Justice Schack has small jowls and big black glasses, a thin mustache and not so many hairs combed across his scalp. He has the impish eyes of the high school social studies teacher he once was, aware that something untoward is probably going on at the back of his classroom.
He is Brooklyn born and bred, with a master’s degree in history and an office loaded with autographed baseballs and photographs of the Brooklyn Dodgers. His written decisions are a free-associative trip through popular, legal and literary culture, with a sideways glance at the business pages.
Confronted with a case in which Deutsche Bank and Goldman Sachs passed a defaulted mortgage back and forth and lost track of the documents, the judge made reference to the film classic “It’s a Wonderful Life” and the evil banker played by Lionel Barrymore.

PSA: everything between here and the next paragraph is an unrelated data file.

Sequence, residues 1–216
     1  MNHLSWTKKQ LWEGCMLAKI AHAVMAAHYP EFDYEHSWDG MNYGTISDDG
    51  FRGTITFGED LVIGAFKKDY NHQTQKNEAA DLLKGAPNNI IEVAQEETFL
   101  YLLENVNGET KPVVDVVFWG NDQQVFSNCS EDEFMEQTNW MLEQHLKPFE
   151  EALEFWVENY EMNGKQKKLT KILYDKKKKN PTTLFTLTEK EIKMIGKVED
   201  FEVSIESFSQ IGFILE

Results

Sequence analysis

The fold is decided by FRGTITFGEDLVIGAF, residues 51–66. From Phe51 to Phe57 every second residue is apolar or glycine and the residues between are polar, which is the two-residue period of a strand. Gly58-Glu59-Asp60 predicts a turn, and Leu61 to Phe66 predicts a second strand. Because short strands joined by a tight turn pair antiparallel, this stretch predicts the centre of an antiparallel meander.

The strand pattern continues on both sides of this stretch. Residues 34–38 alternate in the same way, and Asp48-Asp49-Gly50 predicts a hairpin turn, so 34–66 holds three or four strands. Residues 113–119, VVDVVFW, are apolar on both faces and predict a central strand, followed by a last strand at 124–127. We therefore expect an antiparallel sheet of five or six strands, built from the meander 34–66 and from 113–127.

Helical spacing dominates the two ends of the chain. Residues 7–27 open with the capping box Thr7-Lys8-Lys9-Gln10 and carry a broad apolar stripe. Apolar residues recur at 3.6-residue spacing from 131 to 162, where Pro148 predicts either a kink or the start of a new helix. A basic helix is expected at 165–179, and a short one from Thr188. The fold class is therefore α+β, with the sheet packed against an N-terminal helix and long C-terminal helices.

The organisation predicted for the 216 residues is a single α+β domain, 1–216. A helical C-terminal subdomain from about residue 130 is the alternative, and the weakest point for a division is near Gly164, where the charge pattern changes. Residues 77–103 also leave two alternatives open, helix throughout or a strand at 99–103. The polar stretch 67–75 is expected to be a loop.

“Lenders should not lose sight,” Justice Schack wrote in that 2007 case, “that they are dealing with humanity, not with Mr. Potter’s ‘rabble’ and ‘cattle.’ Multibillion-dollar corporations must follow the same rules in the foreclosure actions as the local banks, savings and loan associations or credit unions, or else they have become the Mr. Potters of the 21st century.”
Last year, he chastised Wells Fargo for filing error-filled papers. “The court,” the judge wrote, “reminds Wells Fargo of Cassius’s advice to Brutus in Act 1, Scene 2 of William Shakespeare’s ‘Julius Caesar’: ‘The fault, dear Brutus, is not in our stars, but in ourselves.’ ”
Then there is a Deutsche Bank case from 2008, the juicy part of which he reads aloud:
“The court wonders if the instant foreclosure action is a corporate ‘Kansas City Shuffle,’ a complex confidence game,” he reads. “In the 2006 film ‘Lucky Number Slevin,’ Mr. Goodkat, a hit man played by Bruce Willis, explains: ‘A Kansas City Shuffle is when everybody looks right, you go left.’ ”The banks’ reaction? Justice Schack shrugs. “They probably curse at me,” he says, “but no one is interested in some little judge.”